Having carved a national reputation in innovative aftercare for young-adult men, Turning Point founder David Vieau had gotten used to fielding the question, “When are you going to create a program for women?” An idea that has been in discussion for about six years will finally come to fruition this June, when Turning Point establishes a women's program housed in a refurbished mansion in New Haven, Conn.
With this long-awaited announcement also comes word of a new identity for Turning Point, which now will be known as Turnbridge—in order to eliminate brand confusion from overuse of the former name in the industry. “They've actually taken our name,” Vieau says of other service organizations that have emerged in recent years.
Vieau often had responded to the inquiries about a women's program by saying his organization first needed to fulfill its initial mission well. Its phased reintegration program for young-adult men, an approach that it refers to as “preparative care” (preparing for a productive sober life in the community), has received national attention for its integration of experiential activities that appeal to its target age group, such as mixed martial arts and music performance.
More specifically, Vieau has believed that in order for the organization to translate that success into a similar program for women, “You need the right women and the right facility.” Audrey Bell, the organization's director of women's programming, is spearheading the establishment of the team that will be in place when the women's program opens in mid-June. As for the facility, Vieau's organization was able to purchase a historic New Haven mansion that he excitedly describes as “over the top.” It will house around 14 women in each of the two most highly supervised phases of Turnbridge's three-phase program.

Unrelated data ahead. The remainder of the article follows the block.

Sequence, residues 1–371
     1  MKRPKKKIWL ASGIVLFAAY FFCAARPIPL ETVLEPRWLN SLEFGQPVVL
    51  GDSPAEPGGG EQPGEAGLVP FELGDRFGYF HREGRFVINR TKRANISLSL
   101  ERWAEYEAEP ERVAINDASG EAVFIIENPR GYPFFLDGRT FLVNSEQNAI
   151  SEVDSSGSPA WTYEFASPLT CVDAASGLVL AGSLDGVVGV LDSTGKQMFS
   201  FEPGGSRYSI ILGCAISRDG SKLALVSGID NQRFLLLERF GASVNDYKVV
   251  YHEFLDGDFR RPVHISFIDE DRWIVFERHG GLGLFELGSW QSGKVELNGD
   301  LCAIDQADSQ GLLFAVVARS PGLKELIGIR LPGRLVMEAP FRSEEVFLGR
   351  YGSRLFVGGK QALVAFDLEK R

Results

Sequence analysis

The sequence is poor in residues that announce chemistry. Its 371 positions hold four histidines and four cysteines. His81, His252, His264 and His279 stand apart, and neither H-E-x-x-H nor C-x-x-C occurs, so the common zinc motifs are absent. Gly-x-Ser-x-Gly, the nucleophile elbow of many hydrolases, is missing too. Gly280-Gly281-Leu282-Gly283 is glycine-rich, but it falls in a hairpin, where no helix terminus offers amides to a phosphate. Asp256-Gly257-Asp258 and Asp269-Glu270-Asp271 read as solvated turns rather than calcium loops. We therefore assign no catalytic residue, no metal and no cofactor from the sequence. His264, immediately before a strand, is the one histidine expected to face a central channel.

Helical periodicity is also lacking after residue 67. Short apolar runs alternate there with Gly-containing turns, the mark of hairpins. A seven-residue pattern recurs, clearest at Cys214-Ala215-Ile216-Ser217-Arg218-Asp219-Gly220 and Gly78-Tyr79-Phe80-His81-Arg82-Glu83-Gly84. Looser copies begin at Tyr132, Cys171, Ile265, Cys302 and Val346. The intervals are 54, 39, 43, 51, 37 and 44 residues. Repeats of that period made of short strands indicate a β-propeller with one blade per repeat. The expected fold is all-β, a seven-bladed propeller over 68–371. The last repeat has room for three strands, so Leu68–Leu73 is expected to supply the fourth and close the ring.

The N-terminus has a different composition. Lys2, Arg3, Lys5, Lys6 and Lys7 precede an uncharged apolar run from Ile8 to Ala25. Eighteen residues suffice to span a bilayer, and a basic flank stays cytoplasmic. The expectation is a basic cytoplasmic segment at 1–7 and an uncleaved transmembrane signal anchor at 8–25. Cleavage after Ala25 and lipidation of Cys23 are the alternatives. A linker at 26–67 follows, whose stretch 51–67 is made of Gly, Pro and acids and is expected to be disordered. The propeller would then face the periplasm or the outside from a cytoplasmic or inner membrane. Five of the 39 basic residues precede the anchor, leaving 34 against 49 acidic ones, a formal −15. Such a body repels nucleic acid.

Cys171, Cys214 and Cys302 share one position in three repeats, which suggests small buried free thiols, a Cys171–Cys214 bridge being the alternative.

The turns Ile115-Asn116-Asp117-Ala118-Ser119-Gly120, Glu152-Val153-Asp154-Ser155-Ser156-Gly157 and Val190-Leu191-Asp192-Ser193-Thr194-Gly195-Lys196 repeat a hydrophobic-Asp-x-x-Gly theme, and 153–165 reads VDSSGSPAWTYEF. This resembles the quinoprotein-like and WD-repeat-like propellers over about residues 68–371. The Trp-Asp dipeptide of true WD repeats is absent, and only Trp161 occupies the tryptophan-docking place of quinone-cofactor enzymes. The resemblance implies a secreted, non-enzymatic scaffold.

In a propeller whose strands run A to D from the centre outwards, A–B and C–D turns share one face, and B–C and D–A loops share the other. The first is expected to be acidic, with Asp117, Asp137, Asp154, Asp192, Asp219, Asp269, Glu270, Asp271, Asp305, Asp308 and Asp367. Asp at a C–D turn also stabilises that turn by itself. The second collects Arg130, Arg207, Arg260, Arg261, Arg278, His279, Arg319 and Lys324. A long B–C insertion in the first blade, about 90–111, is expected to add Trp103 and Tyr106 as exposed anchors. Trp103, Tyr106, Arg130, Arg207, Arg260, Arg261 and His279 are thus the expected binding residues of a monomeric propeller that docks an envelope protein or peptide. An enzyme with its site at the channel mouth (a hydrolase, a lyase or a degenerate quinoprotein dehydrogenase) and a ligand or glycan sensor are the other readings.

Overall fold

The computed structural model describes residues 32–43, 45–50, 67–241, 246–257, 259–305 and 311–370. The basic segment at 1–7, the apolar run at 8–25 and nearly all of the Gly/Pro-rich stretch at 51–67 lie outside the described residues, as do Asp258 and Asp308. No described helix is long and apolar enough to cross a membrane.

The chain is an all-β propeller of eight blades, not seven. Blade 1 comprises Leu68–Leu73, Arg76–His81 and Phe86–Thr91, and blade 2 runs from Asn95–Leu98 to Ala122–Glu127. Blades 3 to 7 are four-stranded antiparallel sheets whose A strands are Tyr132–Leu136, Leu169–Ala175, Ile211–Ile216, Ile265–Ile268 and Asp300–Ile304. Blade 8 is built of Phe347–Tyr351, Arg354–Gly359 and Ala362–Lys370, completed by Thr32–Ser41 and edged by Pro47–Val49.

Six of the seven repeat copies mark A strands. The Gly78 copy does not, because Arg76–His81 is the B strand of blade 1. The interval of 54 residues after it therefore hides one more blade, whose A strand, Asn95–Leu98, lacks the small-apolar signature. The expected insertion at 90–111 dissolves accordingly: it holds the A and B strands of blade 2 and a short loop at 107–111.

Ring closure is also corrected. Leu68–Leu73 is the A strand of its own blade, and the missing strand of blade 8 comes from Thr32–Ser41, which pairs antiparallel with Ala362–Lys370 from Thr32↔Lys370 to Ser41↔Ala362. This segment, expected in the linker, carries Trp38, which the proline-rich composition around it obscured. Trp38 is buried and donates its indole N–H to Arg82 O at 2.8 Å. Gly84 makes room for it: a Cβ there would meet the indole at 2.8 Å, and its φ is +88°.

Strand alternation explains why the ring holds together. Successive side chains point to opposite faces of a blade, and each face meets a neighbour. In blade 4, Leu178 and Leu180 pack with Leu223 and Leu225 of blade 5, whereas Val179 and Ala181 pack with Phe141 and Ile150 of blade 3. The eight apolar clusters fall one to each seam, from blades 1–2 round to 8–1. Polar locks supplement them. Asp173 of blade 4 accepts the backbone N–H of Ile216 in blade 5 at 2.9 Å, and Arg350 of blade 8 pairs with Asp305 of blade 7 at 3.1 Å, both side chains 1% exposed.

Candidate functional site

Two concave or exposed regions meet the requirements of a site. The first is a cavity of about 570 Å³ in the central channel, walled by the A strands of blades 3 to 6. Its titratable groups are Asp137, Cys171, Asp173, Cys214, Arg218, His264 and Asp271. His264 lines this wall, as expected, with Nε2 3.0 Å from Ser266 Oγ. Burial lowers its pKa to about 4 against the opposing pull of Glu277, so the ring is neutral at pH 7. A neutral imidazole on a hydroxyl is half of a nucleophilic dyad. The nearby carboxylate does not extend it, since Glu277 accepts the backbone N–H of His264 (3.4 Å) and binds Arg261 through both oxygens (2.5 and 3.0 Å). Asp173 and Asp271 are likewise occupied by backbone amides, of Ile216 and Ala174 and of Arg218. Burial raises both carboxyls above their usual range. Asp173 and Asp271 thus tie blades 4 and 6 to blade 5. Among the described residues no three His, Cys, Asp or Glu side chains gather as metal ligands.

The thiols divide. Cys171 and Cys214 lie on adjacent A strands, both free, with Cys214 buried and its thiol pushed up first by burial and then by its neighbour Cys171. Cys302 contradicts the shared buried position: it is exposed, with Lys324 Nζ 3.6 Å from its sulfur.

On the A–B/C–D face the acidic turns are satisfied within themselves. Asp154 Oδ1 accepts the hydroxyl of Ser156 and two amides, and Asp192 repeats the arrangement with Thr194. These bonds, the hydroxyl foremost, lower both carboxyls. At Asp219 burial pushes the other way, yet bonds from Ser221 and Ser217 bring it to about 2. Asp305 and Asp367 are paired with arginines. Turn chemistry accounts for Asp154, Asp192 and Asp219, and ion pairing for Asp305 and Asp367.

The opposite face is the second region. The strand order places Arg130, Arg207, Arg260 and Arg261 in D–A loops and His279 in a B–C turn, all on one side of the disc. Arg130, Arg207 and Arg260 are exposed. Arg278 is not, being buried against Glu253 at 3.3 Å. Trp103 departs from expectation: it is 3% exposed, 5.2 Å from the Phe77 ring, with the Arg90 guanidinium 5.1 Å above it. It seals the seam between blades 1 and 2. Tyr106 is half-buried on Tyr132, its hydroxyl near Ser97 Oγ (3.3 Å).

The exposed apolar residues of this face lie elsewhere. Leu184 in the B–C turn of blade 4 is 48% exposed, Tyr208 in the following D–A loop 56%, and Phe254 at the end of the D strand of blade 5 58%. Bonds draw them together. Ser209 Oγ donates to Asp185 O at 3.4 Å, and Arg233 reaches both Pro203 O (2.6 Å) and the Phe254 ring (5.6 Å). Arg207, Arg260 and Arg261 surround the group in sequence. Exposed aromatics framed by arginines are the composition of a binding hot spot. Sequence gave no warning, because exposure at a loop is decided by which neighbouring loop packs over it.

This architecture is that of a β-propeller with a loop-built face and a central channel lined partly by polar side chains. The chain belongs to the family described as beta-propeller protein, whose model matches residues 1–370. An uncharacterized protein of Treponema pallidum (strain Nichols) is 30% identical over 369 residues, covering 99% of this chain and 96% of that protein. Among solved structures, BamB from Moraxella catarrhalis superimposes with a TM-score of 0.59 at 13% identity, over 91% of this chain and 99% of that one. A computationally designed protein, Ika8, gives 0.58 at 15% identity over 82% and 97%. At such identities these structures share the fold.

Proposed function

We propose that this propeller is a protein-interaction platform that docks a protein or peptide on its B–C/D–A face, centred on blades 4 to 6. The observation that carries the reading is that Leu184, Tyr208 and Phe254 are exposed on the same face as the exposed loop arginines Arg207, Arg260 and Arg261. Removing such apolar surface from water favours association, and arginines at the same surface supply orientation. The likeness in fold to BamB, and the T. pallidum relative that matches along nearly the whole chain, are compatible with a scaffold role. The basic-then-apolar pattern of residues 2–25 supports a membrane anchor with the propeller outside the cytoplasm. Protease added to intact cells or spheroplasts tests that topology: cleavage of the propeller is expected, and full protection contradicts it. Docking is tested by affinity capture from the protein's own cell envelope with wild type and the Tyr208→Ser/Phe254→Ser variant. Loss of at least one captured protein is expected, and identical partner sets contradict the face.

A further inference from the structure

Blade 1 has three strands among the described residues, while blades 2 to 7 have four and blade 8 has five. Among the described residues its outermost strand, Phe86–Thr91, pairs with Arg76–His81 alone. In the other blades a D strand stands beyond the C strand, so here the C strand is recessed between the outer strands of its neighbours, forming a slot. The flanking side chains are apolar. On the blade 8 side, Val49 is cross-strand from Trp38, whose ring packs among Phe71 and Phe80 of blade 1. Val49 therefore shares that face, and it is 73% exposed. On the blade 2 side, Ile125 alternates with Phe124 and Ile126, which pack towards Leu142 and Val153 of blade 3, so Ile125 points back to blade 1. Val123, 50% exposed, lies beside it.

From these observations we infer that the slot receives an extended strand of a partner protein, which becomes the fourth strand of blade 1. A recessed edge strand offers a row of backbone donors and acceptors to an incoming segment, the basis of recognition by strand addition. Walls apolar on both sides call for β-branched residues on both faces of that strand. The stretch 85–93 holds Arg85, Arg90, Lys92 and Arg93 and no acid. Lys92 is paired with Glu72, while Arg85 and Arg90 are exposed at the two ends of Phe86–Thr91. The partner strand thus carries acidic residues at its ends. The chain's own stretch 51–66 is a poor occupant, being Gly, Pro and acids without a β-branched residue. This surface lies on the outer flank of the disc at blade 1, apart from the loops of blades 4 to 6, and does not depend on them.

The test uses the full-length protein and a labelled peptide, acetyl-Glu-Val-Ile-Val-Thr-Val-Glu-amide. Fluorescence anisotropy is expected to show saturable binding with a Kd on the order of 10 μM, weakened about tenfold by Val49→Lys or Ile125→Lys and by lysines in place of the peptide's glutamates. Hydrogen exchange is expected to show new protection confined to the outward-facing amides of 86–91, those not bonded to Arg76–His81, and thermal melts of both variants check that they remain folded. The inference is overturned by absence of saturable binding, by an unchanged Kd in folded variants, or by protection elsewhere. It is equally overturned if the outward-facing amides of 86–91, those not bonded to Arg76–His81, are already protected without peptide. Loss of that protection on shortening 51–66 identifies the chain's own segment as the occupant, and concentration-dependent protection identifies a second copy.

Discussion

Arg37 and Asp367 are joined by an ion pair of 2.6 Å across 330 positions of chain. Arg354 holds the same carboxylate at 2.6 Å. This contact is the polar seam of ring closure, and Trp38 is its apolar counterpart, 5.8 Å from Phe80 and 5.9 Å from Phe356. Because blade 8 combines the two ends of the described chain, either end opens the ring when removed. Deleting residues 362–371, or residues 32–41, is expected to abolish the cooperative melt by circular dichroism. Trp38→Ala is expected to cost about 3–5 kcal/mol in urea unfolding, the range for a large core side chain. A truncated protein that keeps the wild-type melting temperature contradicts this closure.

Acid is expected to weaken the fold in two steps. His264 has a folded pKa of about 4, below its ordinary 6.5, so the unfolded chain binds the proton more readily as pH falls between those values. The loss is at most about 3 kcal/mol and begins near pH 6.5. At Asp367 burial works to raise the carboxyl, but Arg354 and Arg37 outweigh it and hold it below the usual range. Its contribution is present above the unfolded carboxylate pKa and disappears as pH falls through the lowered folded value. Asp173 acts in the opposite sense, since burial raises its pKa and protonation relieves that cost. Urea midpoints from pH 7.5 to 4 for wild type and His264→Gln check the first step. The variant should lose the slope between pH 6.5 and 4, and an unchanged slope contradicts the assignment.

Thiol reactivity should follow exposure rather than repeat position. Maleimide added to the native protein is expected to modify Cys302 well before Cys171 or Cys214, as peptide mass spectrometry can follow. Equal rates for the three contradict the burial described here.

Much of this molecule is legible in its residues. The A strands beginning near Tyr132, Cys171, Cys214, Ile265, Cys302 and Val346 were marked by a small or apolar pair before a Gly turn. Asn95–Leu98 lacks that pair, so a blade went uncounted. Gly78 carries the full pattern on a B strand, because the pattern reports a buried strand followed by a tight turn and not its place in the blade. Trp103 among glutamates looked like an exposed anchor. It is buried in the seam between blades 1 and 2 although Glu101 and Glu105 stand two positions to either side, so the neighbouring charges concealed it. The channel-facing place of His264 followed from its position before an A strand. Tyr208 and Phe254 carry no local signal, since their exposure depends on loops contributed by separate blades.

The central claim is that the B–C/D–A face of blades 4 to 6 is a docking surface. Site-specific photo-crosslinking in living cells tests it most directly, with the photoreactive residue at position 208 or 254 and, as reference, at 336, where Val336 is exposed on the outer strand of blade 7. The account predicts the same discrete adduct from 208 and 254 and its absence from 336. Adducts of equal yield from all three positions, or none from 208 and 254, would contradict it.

The 23,000-square-foot structure was originally occupied by Hiram Bingham, a former Connecticut governor and U.S. senator who, when serving as a lecturer at Yale University, made public the existence of the Inca city of Machu Picchu. Later, the building would serve as a women's dormitory for Albertus Magnus College, and more recently it was owned by a Wall Street investor, Vieau says.
Vieau says Turnbridge will stay close to its roots in designing the women's program, once again emphasizing sober activities that will directly appeal to the target group of women ages 18 to 25 (22 is the current median age of participants in the men's aftercare program). The women's facility will feature an art program, and the building will include a large hall for meditation, yoga and Pilates, Vieau says.
As with the men's program, “This will be a program run by people in recovery, with a healthy mix of technically sound clinicians,” Vieau says (clinical services are delivered off-site in Turnbridge's self-pay programming). People in early recovery “live in the real world, so the program needs to be based on life skills,” he says.
Regarding the organization's name, Vieau says it had gotten to the point where a Google search of “Turning Point” was placing his facility very low in the sequence of entries. Organic search of course is important to treatment and recovery support facilities, although Vieau says the vast majority of referrals to his program come from professional sources such as primary treatment centers and private-practice clinicians.
In considering a new name, “We didn't want to change very much,” Vieau says. The concept of a “bridge” seemed to fit will with the organization's mission, he says. Moreover, the name “Turnbridge” was available to trademark, so there should be no brand confusion going forward.